Quickstart: Deploy Azure Bastion with default settings

In this quickstart, you'll learn how to deploy Azure Bastion with default settings to your virtual network using the Azure portal. After Bastion is deployed, you can connect (SSH/RDP) to virtual machines (VM) in the virtual network via Bastion using the private IP address of the VM. The VMs you connect to don't need a public IP address, client software, agent, or a special configuration. For more information about Azure Bastion, see What is Azure Bastion?

Diagram showing Azure Bastion architecture.

The steps in this article help you do the following:

  • Deploy Bastion with default settings from your VM resource using the Azure portal. When you deploy using default settings, the settings are based on the virtual network to which Bastion will be deployed.
  • After you deploy Bastion, you'll then connect to your VM via the portal using RDP/SSH connectivity and the VM's private IP address.
  • If your VM has a public IP address that you don't need for anything else, you can remove it.


Hourly pricing starts from the moment Bastion is deployed, regardless of outbound data usage. For more information, see Pricing and SKUs. If you're deploying Bastion as part of a tutorial or test, we recommend that you delete this resource once you've finished using it.


  • Verify that you have an Azure subscription. If you don't already have an Azure subscription, you can activate your MSDN subscriber benefits or sign up for a free account.

  • A VM in a VNet.

    When you deploy Bastion using default values, the values are pulled from the VNet in which your VM resides. This VM doesn't become a part of the Bastion deployment itself, but you do connect to it later in the exercise.

    • If you don't already have a VM in a VNet, create one using Quickstart: Create a Windows VM, or Quickstart: Create a Linux VM.
    • If you need example values, see the Example values section.
    • If you already have a virtual network, make sure it's selected on the Networking tab when you create your VM.
    • If you don't have a virtual network, you can create one at the same time you create your VM.
  • Required VM roles:

    • Reader role on the virtual machine.
    • Reader role on the NIC with private IP of the virtual machine.
  • Required VM ports inbound ports:

    • 3389 for Windows VMs
    • 22 for Linux VMs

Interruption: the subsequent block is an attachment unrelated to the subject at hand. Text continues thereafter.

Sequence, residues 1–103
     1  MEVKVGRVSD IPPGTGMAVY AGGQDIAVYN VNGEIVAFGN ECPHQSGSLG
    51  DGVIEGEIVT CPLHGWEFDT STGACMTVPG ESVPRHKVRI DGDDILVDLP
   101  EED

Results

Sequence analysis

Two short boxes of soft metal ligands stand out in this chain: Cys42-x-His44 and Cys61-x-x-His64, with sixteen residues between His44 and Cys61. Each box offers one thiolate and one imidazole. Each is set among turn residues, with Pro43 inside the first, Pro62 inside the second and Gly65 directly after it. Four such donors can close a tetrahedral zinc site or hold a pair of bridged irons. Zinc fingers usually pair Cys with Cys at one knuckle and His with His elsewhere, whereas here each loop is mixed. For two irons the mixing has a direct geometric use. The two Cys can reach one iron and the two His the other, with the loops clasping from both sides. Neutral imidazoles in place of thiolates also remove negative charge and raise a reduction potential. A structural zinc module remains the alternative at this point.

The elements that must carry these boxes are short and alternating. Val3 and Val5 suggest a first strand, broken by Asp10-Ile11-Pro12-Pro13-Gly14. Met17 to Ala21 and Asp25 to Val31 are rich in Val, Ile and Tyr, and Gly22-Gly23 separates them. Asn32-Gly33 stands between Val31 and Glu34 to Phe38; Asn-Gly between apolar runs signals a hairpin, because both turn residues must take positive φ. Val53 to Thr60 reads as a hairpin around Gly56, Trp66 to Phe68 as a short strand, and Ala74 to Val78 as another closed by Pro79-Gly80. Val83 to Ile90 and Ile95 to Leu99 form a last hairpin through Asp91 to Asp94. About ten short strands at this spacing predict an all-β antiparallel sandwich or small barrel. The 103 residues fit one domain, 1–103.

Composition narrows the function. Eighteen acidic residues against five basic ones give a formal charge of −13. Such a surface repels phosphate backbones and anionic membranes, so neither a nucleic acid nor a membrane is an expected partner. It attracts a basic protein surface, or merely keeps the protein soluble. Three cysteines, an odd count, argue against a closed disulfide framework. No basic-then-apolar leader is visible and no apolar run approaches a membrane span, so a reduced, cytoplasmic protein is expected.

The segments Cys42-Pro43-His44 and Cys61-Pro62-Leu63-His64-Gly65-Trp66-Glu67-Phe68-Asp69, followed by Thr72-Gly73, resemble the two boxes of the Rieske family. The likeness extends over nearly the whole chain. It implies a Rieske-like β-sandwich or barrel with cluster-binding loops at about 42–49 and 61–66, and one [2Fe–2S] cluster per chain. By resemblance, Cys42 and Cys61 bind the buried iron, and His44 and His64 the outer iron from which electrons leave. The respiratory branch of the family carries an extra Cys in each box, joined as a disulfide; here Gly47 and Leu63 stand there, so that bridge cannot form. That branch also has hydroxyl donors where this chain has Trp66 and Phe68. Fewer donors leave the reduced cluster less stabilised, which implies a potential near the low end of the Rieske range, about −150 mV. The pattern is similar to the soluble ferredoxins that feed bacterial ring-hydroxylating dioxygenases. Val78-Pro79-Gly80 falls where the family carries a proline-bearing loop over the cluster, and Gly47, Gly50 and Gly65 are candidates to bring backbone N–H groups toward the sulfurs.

The use of Azure Bastion with Azure Private DNS Zones is supported. However, there are certain restrictions. See the Bastion FAQ for more information.

Example values

You can use the following example values when creating this configuration, or you can substitute your own.

Basic VNet and VM values:

Name Value
Virtual machine TestVM
Resource group TestRG1
Region East US
Virtual network VNet1
Address space
Subnets FrontEnd:

Bastion values:

When you deploy from VM settings, Bastion is automatically configured with default values from the VNet

Name Default value
AzureBastionSubnet This subnet is created within the VNet as a /26
SKU Basic
Name Based on the virtual network name
Public IP address name Based on the virtual network name

Deploy Bastion

When you create Azure Bastion using default settings, the settings are configured for you. You can't modify or specify additional values for a default deployment. After deployment completes, you can always go to the bastion host Configuration page to select additional settings and features. For example, the default SKU is the Basic SKU. You can later upgrade to the Standard SKU to support more features. For more information, see About configuration settings.

  1. Sign in to the Azure portal.

  2. In the portal, go to the VM to which you want to connect. The values from the virtual network in which this VM resides will be used to create the Bastion deployment.

  3. On the page for your VM, in the Operations section on the left menu, select Bastion. When the Bastion page opens, it checks to see if you have enough available address space to create the AzureBastionSubnet. If you don't, you'll see settings to allow you to add more address space to your VNet to meet this requirement.